Remembering Keshavananda Bharathi Case in its 41st Birth day; Justice K.T.Thomas
Every Student of Law in India should be told even during the beginning of his legal education about two decisions which, according to me, veritably saved the Indian Constitution. The first is Keshavananda Bharathi case, and the second is Maneka Gandhi case. The first is a pre emergency decision rendered during the reign of Indira Gandhi. A powerful executive succeeded in bringing the Parliament under its thump and both the Parliament and the executive joined together to bring under its control every other institution created by the constitution. A legal fight followed and the Supreme Court held that Parliament is not supreme; but the Constitution is higher and supreme and hence Parliament cannot change the Constitution through its amending powers in such a way as to mutilate its basic features.
I well remember how Nani Palkiwala, the most indomitable forensic doyen of independent India, presented his points before a mega bench of 13 judges. The national dailies published extracts of the superb arguments advanced by him with all vivid details. In the course of his arguments Palkiwala asked, can the Parliament use the amending powers to convert the office of Prime Minister as a hereditary post? Can Parliament alter Indian democracy as monarchy? Can the Parliament convert India into a theocratic republic? Can the Parliament extend the tenure of the then Lok Sabha upto 50 years? The only answer to all such questions could be an emphatic ’No’. It was evident that no sane Parliament of a secular democracy could make such amendments. It was in the above background, Palkiwala propounded the theory of inherent limitations on the power of Parliament to amend the Constitution as they like.
In the counter arguments made by H. M. Seerwai, he tried to meet the points raised by Palkiwala by contending thus:- “You cannot presume that members of parliament would loose their balance. You have to presume that Parliament would always be sane”. He described every Member of Parliament as elected by the people and hence sobriety and responsibility must be attributed at least to a vast majority of them. He argued that since no responsible parliament would even think of making amendments in the manner feared by Palkhiwala, there is no need to answer the questions posed by him.
At the end seven judges held that Parliament cannot amend or alter the basic features of the Constitution. Six other judges held that Parliamentary power to amend the Constitution is unlimited, untrammelled and plenary.
Indira Gandhi who hated the decision (because during those days the Parliament was under her control) began the operation to get it annulled. She virtually compelled four of the seven judges who formed the majority to step down from the Supreme Court. Of course one of them (Chief Justice Sikri) had retired next day. Others had to resign to save their self respect. When those strong and fearless judges stepped down from the Supreme Court, Indira Gandhi immediately moved the Supreme Court challenging the verdict of the majority by filing a petition to review that decision.Justice A.N. Ray who was hand picked by her as the new Chief Justice constituted a new bench of 13 judges. She and the new Chief Justice were most confident that the great verdict in Kesavananda Bharati could be smashed and buried fathom down. When the new bench sat to hear arguments on the review petition, the indefatigable Palkiwala raised a preliminary objection. He argued for the whole day. I could not be present to hear that historic argument, but those who heard it later recounted that Supreme Court of India had never heard and would never hear again in future such a brilliant and resounding legal peroration. Nani Palkiwala warned the judges that if the majority view in Kesavananda Bharathi is tempered with, the posterity would not forgive them because it was by God’s grace that the great Constitution of India was saved though only with the narrowest majority. The result of Palkiwala’s most monumental harangue happened to be mesmeric. When all the judges retired to the attic chamber, twelve of them told the new Chief Justice that they would not be parties to overturn the historic verdict in Kesavananda Bharati. Next day when the bench assembled again to hear the review petition, Chief Justice A.N. Ray announced his administrative order “this review bench will stand disbanded” Neither he nor any other CJI thereafter dared to board that review petition ever again. Thus Indian Constitution stands saved once and for all from any possible mutilation in future.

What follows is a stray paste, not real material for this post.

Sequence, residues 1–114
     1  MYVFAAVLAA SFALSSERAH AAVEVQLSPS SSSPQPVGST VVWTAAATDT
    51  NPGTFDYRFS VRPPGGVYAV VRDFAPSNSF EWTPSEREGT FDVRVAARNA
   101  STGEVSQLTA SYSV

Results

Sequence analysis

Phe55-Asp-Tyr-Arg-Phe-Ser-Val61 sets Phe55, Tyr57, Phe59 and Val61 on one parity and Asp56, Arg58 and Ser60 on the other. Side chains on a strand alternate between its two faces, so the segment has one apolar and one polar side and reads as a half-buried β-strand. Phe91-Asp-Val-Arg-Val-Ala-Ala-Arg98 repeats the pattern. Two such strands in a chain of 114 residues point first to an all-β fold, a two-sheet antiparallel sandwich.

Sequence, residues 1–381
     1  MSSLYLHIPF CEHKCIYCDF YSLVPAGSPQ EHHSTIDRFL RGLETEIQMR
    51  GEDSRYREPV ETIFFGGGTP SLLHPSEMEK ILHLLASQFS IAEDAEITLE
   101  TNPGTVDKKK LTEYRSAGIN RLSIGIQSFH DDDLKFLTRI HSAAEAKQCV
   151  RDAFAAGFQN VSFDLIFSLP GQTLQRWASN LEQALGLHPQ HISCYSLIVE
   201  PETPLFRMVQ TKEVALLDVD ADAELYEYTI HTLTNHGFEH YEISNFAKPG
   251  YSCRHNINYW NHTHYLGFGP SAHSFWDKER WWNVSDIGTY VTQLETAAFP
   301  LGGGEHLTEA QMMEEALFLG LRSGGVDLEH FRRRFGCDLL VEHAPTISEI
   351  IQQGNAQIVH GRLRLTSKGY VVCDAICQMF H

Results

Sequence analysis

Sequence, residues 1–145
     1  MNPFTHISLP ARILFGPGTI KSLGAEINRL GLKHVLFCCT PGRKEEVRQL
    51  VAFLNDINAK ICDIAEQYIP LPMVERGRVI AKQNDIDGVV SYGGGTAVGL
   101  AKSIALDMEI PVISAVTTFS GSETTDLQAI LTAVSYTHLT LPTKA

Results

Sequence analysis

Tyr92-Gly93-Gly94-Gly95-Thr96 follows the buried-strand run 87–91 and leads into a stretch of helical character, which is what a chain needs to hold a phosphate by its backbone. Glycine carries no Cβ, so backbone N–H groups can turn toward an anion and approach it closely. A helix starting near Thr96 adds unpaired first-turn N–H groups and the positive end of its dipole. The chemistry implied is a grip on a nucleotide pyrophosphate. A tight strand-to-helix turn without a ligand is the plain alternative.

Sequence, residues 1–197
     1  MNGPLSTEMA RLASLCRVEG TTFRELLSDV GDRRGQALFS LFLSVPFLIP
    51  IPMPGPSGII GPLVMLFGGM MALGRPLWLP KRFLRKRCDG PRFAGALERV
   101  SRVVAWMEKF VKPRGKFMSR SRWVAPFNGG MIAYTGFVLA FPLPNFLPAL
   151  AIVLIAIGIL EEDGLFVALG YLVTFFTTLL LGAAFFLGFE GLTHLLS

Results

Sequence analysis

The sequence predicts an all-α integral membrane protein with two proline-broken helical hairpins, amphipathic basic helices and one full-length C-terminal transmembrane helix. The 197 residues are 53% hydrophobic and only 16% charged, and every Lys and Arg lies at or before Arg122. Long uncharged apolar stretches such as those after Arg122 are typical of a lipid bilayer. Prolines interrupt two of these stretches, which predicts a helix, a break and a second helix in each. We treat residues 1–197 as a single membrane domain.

From the NUALS Convocation Address
Published with the permission of Justice K.T.Thomas